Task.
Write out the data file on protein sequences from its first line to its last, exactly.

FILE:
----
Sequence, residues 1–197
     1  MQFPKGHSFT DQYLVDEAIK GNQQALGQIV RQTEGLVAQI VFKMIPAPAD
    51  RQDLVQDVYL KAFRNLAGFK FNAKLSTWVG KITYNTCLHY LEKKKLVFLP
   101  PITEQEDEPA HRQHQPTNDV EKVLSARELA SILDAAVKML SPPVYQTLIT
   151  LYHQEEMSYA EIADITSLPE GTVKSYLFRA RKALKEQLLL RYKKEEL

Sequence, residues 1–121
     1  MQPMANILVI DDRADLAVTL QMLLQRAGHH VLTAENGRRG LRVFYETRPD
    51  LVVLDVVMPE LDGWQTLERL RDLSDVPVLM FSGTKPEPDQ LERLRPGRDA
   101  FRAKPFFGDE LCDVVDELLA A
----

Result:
Sequence, residues 1–197
     1  MQFPKGHSFT DQYLVDEAIK GNQQALGQIV RQTEGLVAQI VFKMIPAPAD
    51  RQDLVQDVYL KAFRNLAGFK FNAKLSTWVG KITYNTCLHY LEKKKLVFLP
   101  PITEQEDEPA HRQHQPTNDV EKVLSARELA SILDAAVKML SPPVYQTLIT
   151  LYHQEEMSYA EIADITSLPE GTVKSYLFRA RKALKEQLLL RYKKEEL

Sequence, residues 1–121
     1  MQPMANILVI DDRADLAVTL QMLLQRAGHH VLTAENGRRG LRVFYETRPD
    51  LVVLDVVMPE LDGWQTLERL RDLSDVPVLM FSGTKPEPDQ LERLRPGRDA
   101  FRAKPFFGDE LCDVVDELLA A